- BBC journalist who was sacked after he refused to publish a report on Prince George’s birth wins a £50,000 payout for unfair dismissal – A BBC journalist sacked after he refused to publish a report on Prince George’s birth has won a £50,000 payout. Chandana Keerthi Bandara, 57, lost his job as a producer on a BBC Sri Lankan news service, and sued the corporation for unfair dismissal and race discrimination (The Daily Mail)
- Period pain affects ‘most women workers’ – Most women workers have experienced period pain that affects their ability to work, a survey suggests. A YouGov survey of 1,000 women for BBC Radio 5 live’s Emma Barnett programme found 52% had, but only 27% had told their boss period pain was responsible (BBC)
- Star company of BBC series prosecuted over worker injury – A Bolton based scrapyard that featured in a recent BBC documentary series has been sentenced after an employee suffered facial injuries at work. Vehicle breakers firm, The Scrappers Ltd and Terry Walker, a consultant for the company, appeared at Minshull Street Crown Court, Manchester where they denied breaches of health and safety law (HSE)
- Riots hero cop sues West Midlands Police after being moved from firearms unit to dog kennels – The hero cop who led armed police during the siege of the Bartons Arms at the height of the Birmingham riots is suing West Midlands Police – after being transferred from the crackshot team to the force’s dog kennels (The Birmingham Mail)
- Government facing JR over equality advice helpline contract – The government could face High Court action if it does not set aside the contract it has awarded to G4S to operate the national discrimination advice helpline, a UK charity has warned. The Law Centres Network (LCN) has sent a letter before action to Whitehall seeking a new tender process, correcting faults in the previous one (The Solicitors Journal)
- MPs probe excessive pay as L&G calls on boards to compare bosses to the average – MPs have launched a new inquiry into executive pay and corporate governance in the wake of high-profile hearings on Sports Direct and BHS, as Theresa May prepares major reforms, such as employee representation on boards (The Telegraph)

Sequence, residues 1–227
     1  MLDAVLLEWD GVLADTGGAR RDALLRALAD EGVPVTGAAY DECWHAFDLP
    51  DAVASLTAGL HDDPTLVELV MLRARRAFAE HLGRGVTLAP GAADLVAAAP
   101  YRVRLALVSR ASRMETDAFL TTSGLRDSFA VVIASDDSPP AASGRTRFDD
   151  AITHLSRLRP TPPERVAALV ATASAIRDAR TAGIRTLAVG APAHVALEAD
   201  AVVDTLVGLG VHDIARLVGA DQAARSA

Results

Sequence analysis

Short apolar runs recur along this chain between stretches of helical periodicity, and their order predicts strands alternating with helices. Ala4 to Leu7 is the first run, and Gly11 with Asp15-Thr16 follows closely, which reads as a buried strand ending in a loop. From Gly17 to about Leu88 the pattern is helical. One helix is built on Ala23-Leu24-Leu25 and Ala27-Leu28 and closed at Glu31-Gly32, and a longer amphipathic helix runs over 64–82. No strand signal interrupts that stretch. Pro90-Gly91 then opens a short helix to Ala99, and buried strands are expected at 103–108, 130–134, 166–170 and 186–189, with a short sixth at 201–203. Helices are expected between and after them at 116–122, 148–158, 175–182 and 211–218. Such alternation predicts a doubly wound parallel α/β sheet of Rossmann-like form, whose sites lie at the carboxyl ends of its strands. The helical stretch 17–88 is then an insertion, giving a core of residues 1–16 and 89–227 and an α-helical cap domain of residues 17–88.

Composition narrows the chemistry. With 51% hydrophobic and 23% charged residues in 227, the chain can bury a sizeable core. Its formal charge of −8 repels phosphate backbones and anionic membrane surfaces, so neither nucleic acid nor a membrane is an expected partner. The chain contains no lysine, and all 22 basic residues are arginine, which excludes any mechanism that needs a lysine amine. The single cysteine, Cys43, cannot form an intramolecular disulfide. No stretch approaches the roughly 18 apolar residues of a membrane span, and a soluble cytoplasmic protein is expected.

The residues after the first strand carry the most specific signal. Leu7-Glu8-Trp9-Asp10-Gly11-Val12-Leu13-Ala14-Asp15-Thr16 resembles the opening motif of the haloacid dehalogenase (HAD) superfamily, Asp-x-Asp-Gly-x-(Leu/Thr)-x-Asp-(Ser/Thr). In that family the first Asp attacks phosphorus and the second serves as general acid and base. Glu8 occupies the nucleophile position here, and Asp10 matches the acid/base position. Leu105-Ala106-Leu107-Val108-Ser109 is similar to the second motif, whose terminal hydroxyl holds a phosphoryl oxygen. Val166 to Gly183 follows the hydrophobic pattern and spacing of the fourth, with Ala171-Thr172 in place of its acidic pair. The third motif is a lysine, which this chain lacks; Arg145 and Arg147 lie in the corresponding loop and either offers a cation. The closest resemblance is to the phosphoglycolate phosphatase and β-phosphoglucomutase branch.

- Denise Aubrey tribunal: Northumbria Police legal bill tops £570,000 – A police force spent more than half a million pounds defending itself against claims of unfair dismissal, harassment and discrimination. Former Northumbria Police head of legal services Denise Aubrey, 54, was sacked for gross misconduct in 2014 and lost an employment tribunal case last month (BBC)
- Hemel Hempstead manufacturer fined £1m following worker’s death – A manufacturing company based in Hemel Hempstead has been fined £1million after a worker was crushed to death by falling machinery. Colin Reddish, 48, from Lincolnshire was involved in moving a large CNC milling machine within the company’s Grantham factory on 30th April 2015 when it overturned and killed him (HSE)
- Tattoos shouldn’t be a barrier to hiring, says employer advice group – Employers have been warned they could be missing out on top staff because they are rejecting candidates with tattoos. The conciliation service Acas said negative attitudes about visible tattoos are outdated (BBC)
- ‘At least’ £46m spent on public sector staff suspended on full pay – At least £46 million of taxpayers’ money has been spent on public sector staff suspended on full pay over the past three years, according to a new investigation (The Shropshire Star)
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- 20/09/2017 Employment law cases in the news - 11.09.2017 to 17.09.2017
- 19/09/2017 Settlement agreements: why do employers offer them?
- 18/09/2017 Employment law stories in the news - 11.09.2017 to 17.09.2017
- 15/09/2017 Settlement agreements: what are they?
- 14/09/2017 High Court rules that suspension is not a "neutral act or default position"